Lubanov says that Akado aims to offer as much choice as possible to customers, presenting them with optional packages and pay-per-view services and allowing them to choose between analogue and digital reception. “To keep our leading position and create marketable products and services Akado focuses on meeting customer requirements. We transmit in both analogue and digital. But we try to enlighten and educate our audience about the advantages of digital TV and HDTV,” he says. “We developed a special programme for testing digital TV services and free viewing of digital channels for all our subscribers to motivate people to switch from analogue to digital TV broadcasting.” In order to support this, Akado offers a 13-strong package of HD channels, including National Geographic HD, Mezzo Live HD and Fashion TV HD as well as film and sports channels. Lubanov believes Akado is well-placed to hold its leading position in Moscow (where he says it has a 52% share in the digital TV market).
While DTH players are strong in Poland and Romania, and cable (in various shapes and sizes) is ubiquitous through much of the region, IPTV remains relatively underdeveloped with the exception of a few key markets. One of these is Croatia, where Deutsche Telekom-backed T-Hrvatski Telekom is the leading IPTV player on the market. Despite the company’s existing high penetration, Richard Breskovi´c, director of proposition management and strategy fixed department at T-Hrvatski Telekom, believes there is room for growth both in broadband and pay TV.
Exclusive content rights are the key to maintaining the appeal of the TV service in Croatia, according to Breskovi´c. “MAXtv offers premium content and we still see growth from exclusive premium content such as sports,” he says, citing examples including the Spanish football league and Formula 1 motor-racing, where the content is distributed exclusively via T-Hrvatski Telekom’s platform. The operator’s current plans include the re-launch of its HD package with the addition of new content, and further differentiation will come from T-Hrvatski Telekom’s emphasis on interactivity, taking advantage of the capabilities of the Microsoft-based TV platform and its own network investment to deliver, for example, multiple streams to users’ homes. The operator has less room for manoeuvre when it comes to bundling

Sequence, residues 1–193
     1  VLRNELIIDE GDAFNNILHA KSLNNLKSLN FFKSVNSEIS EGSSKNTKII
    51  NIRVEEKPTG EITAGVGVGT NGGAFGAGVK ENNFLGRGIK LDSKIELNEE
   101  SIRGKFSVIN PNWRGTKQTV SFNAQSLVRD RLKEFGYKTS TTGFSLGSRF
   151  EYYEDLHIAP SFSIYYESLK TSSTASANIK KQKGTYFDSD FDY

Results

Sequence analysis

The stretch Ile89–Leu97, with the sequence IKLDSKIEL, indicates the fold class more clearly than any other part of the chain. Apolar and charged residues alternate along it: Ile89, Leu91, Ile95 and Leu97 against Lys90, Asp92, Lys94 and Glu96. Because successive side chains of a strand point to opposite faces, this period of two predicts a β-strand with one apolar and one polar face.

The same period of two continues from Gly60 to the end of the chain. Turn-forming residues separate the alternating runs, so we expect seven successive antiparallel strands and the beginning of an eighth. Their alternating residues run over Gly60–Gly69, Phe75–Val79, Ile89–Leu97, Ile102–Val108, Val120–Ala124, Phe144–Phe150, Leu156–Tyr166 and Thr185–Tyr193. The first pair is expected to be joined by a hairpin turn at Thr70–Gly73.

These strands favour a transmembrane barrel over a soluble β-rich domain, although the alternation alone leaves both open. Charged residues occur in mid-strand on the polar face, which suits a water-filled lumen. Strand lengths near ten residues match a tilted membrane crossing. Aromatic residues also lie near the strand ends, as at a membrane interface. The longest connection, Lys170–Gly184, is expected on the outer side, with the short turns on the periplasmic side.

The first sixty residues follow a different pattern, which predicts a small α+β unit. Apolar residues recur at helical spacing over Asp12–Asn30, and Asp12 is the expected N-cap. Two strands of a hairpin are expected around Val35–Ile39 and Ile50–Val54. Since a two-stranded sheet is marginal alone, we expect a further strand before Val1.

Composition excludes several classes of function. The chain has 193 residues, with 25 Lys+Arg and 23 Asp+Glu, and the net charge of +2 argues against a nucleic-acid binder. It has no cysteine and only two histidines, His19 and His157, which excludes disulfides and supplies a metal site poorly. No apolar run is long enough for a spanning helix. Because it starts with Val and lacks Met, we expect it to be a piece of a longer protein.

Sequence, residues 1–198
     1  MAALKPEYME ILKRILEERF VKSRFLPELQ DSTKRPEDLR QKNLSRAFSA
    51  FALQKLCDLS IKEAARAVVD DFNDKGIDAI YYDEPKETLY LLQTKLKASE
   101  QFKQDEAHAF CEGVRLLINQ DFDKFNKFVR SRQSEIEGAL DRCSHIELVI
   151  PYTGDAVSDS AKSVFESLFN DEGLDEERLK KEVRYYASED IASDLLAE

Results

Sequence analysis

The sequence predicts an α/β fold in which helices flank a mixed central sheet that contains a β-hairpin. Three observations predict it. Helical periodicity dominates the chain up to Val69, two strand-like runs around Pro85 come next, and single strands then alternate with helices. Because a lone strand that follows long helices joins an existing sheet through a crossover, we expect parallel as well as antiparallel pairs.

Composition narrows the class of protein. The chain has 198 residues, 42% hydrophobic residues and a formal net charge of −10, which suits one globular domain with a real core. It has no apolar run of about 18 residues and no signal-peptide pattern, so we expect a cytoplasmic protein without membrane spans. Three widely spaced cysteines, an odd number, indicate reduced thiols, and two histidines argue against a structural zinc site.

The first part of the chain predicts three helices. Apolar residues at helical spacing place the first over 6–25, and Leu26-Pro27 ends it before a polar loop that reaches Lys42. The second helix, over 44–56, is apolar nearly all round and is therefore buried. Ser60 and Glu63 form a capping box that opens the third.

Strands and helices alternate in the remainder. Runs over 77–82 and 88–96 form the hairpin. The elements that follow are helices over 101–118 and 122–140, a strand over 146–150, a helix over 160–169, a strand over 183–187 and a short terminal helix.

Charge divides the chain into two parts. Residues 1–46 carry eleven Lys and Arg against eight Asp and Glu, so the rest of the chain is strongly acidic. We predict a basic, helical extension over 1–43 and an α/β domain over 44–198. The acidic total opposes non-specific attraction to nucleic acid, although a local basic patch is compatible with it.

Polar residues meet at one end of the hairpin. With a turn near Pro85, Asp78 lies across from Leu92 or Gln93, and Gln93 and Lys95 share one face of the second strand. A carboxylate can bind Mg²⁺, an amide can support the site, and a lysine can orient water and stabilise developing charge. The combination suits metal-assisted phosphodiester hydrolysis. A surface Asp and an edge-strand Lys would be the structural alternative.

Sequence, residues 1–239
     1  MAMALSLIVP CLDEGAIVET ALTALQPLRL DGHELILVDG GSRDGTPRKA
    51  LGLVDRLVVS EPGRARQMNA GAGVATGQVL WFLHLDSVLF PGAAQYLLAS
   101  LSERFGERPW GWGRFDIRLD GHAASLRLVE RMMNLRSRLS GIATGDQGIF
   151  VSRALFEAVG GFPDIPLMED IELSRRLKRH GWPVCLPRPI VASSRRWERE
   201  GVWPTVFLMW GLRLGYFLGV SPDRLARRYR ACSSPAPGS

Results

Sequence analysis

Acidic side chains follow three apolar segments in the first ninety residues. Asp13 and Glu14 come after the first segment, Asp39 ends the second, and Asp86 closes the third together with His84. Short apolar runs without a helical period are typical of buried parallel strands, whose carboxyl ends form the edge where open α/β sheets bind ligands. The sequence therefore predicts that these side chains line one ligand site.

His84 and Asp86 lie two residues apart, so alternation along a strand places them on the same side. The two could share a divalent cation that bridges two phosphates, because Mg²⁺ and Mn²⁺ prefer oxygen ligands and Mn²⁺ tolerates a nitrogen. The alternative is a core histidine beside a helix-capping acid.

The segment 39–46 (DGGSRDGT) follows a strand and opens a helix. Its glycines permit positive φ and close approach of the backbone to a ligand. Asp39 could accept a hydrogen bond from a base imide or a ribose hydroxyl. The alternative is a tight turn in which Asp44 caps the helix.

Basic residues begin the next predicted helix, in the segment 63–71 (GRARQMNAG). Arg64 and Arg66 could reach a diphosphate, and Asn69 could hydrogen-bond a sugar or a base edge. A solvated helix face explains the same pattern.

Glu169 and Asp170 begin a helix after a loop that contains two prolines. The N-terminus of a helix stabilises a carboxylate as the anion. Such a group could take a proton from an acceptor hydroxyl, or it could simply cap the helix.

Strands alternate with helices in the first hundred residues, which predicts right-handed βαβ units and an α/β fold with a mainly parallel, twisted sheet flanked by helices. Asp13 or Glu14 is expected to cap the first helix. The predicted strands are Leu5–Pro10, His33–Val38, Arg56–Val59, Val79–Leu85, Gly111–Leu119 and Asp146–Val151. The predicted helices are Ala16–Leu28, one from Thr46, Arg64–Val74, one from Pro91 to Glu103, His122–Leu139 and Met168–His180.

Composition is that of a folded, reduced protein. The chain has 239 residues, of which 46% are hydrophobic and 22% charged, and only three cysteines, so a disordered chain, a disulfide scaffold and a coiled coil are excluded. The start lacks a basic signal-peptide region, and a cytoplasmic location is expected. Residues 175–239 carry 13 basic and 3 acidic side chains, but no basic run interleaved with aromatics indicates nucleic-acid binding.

internet and TV services. “We are regulated on the broadband and voice side and bundling has been a challenge,” says Breskovi´c. However, T-Hrvatski Telekom has managed to market dual and triple-play services, despite these restrictions. “The regulations are a challenge but we have managed to adapt,” he says.
Breskovi´c also believes that the digitization of the Croatian terrestrial network could also encourage new subscribers to sign up to MAXtv (particularly in view of terrestrial reception problems in Istria and the Dalmatian coast, with interference from Italy affecting the country’s B and C multiplexes). The MAXtv set-tops for satellite reception are hybrid with DVB-T tuners to ensure that customers can receive any future services to be launched in the terrestrial network as well as T-Hrvatski Telekom’s own services.
In order to further maximize its reach in a relatively small market, T-Hrvatski Telekom has launched a version of MAXtv via satellite, with the prime goal to provide TV service to the customers that already take services from the operator but are unable to access the IPTV service. “We want to reach customers in rural areas of Croatia and provide a service that’s got premium content. These are loyal customers for other services,” says Breskovi´c. For similar reasons, T-Hrvatski Telekom provides a separate, somewhat more stripped down IPTV service via its Iskon subsidiary. “The Iskon feature set is quite substantially different,” he says. “Iskon is one of the oldest internet providers in Croatia, with quite a loyal subscriber base.” The Iskon TV service was launched to provide a complete portfolio of services to this base, in order to secure its loyalty to the brand and prevent Iskon customers from being tempted by alternative TV offerings.
A second goal of the MAXtv satellite platform, however, is to build a business that could be exported to markets outside Croatia. “The Croatian market is not the only one where we can exploit our platform,” says Breskovi´c. The plan would be to build a ‘white label’ offering where T-Hrvatski Telekom could provide the technical infrastructure (including encryption) that could then be used by content partners to reach adjacent markets in the region.
Other future strategic priorities for T-Hrvatski Telekom include the build-out of a fibre infrastructure (progress towards which has been slowed down somewhat by regulatory restrictions), which would, among other things, enable it more easily to deliver multiple simultaneous video streams to each household. Breskovi´c also believes that there will be some consolidation to reduce fragmentation in the TV distribution market, with smaller players that may lack watertight rights to redistribute content being squeezed out.